Media Magazine

Books in Print Still Have the Allure for Many

Posted on the 08 September 2016 by Themarioblog @garciainteract
Books in print still have the allure for manyBooks in print still have the allure for many

Book reading appetite is still large for Americans, and, it may come to a surprise to many that, it is printed books, the ones you hold in your hands, that continue to be favorites.

A new Pew Research Center study about Books 2016 reveals that a growing share of Americans are reading e-books on tablets and smartphones rather than dedicated e-readers, but print books remain much more popular than books in digital formats.

Highlight of the Pew study:

The share of Americans who have read a book in the last 12 months (73%) has remained largely unchanged since 2012. And when people reach for a book, it is much more likely to be a traditional print book than a digital product. Fully 65% of Americans have read a print book in the last year, more than double the share that has read an e-book (28%) and more than four times the share that has consumed book content via audio book (14%).

Good news and one more testimonial about one medium not totally substituting the other.  It is not the end of the book as we know it, the one you may touch.

Personally, while I read many books on my iPad Pro, I have found myself buying at least three “old fashioned” print books to take with me in 2016. There is something special about the contact with ink and paper and I am not surprised about this study, as I still see many of my fellow travelers at airport lounges and on airplanes holding an actual book—and that includes some young folks, too.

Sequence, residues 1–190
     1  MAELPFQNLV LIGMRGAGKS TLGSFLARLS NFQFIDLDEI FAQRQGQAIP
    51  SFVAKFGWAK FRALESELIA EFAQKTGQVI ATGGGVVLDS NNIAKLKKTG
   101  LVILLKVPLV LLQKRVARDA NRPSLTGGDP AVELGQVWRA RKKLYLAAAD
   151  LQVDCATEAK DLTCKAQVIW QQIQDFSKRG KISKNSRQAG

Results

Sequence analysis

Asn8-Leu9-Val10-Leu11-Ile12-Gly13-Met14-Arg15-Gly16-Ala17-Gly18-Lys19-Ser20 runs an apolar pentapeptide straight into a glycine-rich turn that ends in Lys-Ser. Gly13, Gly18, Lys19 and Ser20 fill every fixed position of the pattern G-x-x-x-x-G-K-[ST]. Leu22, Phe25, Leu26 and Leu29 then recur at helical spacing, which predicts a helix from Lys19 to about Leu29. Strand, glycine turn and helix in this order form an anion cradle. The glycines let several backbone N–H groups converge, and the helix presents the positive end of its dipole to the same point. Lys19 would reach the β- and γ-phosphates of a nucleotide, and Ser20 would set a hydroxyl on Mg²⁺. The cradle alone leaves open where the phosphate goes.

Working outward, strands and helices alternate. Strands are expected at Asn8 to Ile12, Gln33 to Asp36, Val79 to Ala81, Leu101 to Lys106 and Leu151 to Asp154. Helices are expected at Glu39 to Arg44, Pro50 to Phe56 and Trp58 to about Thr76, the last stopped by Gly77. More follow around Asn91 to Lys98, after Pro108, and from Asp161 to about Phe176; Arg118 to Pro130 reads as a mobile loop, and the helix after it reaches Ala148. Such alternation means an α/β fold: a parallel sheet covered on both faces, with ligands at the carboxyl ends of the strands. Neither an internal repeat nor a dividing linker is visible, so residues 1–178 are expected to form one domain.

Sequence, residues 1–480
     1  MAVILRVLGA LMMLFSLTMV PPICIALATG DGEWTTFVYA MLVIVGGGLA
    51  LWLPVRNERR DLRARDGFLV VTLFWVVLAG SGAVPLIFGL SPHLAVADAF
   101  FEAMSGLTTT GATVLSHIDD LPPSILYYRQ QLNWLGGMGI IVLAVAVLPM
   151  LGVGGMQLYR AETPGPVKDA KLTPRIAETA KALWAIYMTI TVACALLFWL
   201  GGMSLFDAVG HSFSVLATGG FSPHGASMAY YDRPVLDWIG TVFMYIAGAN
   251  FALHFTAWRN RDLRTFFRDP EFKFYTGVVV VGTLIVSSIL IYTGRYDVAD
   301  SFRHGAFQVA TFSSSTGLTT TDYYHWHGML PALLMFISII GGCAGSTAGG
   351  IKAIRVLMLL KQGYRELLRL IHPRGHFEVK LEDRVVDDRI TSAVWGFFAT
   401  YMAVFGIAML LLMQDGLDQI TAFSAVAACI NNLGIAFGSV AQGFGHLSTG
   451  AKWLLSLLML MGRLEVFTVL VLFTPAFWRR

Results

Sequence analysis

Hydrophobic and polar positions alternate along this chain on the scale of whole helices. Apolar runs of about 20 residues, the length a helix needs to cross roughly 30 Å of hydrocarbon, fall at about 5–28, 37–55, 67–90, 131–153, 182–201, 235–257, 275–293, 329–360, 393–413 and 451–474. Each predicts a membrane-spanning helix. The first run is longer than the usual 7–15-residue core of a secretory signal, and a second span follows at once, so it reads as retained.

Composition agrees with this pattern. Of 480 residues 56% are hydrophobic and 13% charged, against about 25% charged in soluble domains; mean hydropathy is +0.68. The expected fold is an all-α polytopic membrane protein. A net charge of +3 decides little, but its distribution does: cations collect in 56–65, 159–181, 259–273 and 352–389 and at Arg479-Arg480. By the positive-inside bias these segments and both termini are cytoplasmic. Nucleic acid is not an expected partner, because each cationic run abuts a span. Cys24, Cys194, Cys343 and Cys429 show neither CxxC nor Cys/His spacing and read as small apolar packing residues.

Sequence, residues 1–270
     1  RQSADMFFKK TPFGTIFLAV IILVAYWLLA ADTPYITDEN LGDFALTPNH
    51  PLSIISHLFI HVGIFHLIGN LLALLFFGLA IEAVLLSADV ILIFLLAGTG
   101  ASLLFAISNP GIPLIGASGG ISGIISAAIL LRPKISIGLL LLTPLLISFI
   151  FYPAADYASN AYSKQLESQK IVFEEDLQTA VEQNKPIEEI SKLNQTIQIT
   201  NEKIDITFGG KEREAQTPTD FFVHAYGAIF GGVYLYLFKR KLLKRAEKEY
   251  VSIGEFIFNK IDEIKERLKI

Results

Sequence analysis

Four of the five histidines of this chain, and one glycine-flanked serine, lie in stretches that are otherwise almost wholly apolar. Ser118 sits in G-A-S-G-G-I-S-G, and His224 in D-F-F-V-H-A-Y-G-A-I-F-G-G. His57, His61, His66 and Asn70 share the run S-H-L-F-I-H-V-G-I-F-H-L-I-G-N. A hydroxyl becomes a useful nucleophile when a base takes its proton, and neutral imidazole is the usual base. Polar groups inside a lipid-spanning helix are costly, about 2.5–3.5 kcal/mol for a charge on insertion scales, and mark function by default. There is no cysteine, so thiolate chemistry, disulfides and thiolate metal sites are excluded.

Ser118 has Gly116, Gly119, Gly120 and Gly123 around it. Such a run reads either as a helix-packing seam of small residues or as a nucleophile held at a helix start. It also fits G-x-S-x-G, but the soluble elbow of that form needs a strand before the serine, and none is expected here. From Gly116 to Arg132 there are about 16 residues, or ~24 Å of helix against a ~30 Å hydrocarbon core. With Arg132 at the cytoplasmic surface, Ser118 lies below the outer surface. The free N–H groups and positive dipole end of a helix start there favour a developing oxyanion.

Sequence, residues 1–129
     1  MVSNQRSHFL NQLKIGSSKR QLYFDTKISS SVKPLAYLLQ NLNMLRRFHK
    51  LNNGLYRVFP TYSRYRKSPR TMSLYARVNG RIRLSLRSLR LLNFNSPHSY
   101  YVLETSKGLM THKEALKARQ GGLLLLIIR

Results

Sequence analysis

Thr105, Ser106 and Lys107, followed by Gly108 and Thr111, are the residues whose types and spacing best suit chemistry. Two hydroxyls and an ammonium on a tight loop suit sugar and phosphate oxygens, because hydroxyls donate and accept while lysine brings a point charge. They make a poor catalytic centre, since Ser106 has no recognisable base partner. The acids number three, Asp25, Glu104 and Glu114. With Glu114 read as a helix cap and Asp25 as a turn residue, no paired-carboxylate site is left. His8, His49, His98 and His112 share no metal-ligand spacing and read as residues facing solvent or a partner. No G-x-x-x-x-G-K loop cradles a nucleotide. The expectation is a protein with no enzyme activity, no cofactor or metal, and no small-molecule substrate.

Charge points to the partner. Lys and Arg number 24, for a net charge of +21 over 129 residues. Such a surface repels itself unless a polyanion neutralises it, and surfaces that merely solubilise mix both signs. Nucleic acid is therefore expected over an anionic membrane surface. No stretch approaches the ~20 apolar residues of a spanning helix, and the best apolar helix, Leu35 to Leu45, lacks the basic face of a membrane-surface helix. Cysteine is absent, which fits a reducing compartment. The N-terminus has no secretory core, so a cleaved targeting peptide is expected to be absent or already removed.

This should make publishers happy. I also know of one particular friend and colleague, Tyler Brulé, publisher of Monocle and Financial Times columnist who only this past weekend wrote a piece from Hamburg, Germany that concluded with 

“We really believe in the power of paper and magazines. It’s something that we do very well here.” 

At least when it comes to books, many Americans apparently feel the same way.

Of related interest, in The New York Times

A productivity "app" that is very familiar

People are falling in love with a simple productivity system that just uses pen and paper


I’ve never been able to find a method that quite beats the flexibility and simplicity of pen and paper. Most productivity methods force you to work their way, rather than adapting to suit your needs. Pen and paper, however, can be used any way you like. I’ve always wanted to find a system that balances this flexibility with enough structure to keep you organized.

That’s where the Bullet Journal system comes in. Created by designer Ryder Carroll, the system aims to give the humble paper notebook a little more structure.

TheMarioBlog post #2484
Please enable JavaScript to view the comments powered by Disqus. comments powered by Disqus

Back to Featured Articles on Logo Paperblog